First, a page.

X in Bankruptcy is for (Old) Chapter X

3356289385_aee9478f7d_t[1]  Brings the Series to an End (See Below)

By Christopher C. Carr, Esq. Chester County bankruptcy attorney.

Tel: 610-380-7969 Email: cccarresq@aol.com

Website: westchesterbankruptcyattorney.org

What X Was:

You have heard of Chapter 11 right?  Everybody has.  But how about Chapter 10?  Ever heard of that?  Well, here is a bit of history:

Chapter X was a portion of the bankruptcy code that dictated bankruptcy processes and procedures for corporations. 1978 was the last year corporations were able to file bankruptcy under Chapter X

Chapter X, (or “Chapter Ten”) was originally introduced in the Bankruptcy Act of 1898. Chapter X was used as a blueprint for the reorganization of financially unhealthy corporations under which  a company would have to present full disclosure of current financial conditions to the court for review. Along with working in cooperation with the courts, the company would have to be be willing to develop a debt reorganization plan that would allow for the orderly retirement of its current outstanding debt. If the court found that the company met the qualifications for a Chapter 10 and that the reorganization plan was workable, the court would grant the protection and a appoint a manager for the plan. The court-appointed manager was to serve as an ongoing liaison between the court  and the debtor company.

Chapter X was a notoriously complex procedure, and was seldom used during its time.  Most corporations instead opted to file Chapter XI (the Chapter 11  of that time) because it did not displace the company’s management with a court appointed manager and gave management more control over reorganization. Chapter XI was also more popular because it gave corporations more control over how and to what extent the company would repay creditors and liquidate assets.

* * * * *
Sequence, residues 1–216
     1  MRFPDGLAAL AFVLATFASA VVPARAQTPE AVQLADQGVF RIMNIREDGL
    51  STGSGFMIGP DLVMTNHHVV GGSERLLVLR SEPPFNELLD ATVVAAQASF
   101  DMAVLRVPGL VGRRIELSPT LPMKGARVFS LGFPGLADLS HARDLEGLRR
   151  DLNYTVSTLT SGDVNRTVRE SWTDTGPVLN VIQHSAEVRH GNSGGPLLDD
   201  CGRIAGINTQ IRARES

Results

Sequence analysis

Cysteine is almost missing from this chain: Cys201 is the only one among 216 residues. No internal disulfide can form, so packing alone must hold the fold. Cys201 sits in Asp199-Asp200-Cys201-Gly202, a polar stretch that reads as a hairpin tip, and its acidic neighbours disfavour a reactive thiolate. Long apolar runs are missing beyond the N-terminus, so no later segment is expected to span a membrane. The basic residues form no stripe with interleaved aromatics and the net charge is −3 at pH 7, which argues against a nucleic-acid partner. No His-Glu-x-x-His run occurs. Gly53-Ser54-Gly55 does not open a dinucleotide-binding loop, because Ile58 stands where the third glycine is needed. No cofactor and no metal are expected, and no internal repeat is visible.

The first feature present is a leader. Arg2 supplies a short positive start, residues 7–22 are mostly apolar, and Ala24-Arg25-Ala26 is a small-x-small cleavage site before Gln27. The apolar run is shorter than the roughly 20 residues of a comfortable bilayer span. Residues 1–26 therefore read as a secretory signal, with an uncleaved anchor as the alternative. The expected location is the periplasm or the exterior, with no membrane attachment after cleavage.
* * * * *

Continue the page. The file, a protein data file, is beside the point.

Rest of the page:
Why X Matters Today:

Though Chapter X was removed in 1978 under the Bankruptcy Reform Act, its ideas were revised and combined with Chapter XI and other bankruptcy laws to create today’s Chapter 11.  One of the most important of these concepts which pervades the modern Bankruptcy Code was that of “disinterestedness”, which meant that as a condition of employment, trustees and court-appointed professionals were not allowed to have a personal interest in the outcome of the cases.

Note: This completes the 24th and final letter in the ABC’s of bankruptcy which I commenced with the letter C on November 22, 2011,  Who would have thought it would take me a year to get through the alphabet once?

I dedicate this final blog in the series to my son Ethan Forrest Carr, whose 16th birthday it is today! Congratulations, Ethan!

©Christopher C. Carr, Attorney at Law 2009, 2012. All Rights Reserved

Law Offices of Christopher C. Carr, MBA,  P.C., is a quality bankruptcy and debt relief practice, located in  Valley Township, west of Coatesville, Pennsylvania, where Attorney Christopher Carr, a Chester County bankruptcy attorney, who has over 30 years if diversified ;egal experience, concentrates on serving the residents of and businesses located within Western Chester County and Eastern Lancaster County, Pennsylvania, including the communities in and around Atglen, Bird in Hand, Caln, Christiana, Coatesville, Downingtown, Eagle, Exton, Fallowfield Gap, Honeybrook, Lancaster, Lincoln University, Modena, New Holland, Parkesburg, Paradise, Ronks, Sadsbury, Thorndale, Valley Township, Wagontown & West Chester,  Pennsylvania. If you reside or do business in the area and need assistance with a legal issue, please call Mr. Carr at (610)380-7969 or write him at cccarresq@aol.com today!  

I also provide Mortgage Modification Services.

Other lawyers blogging “X” include:

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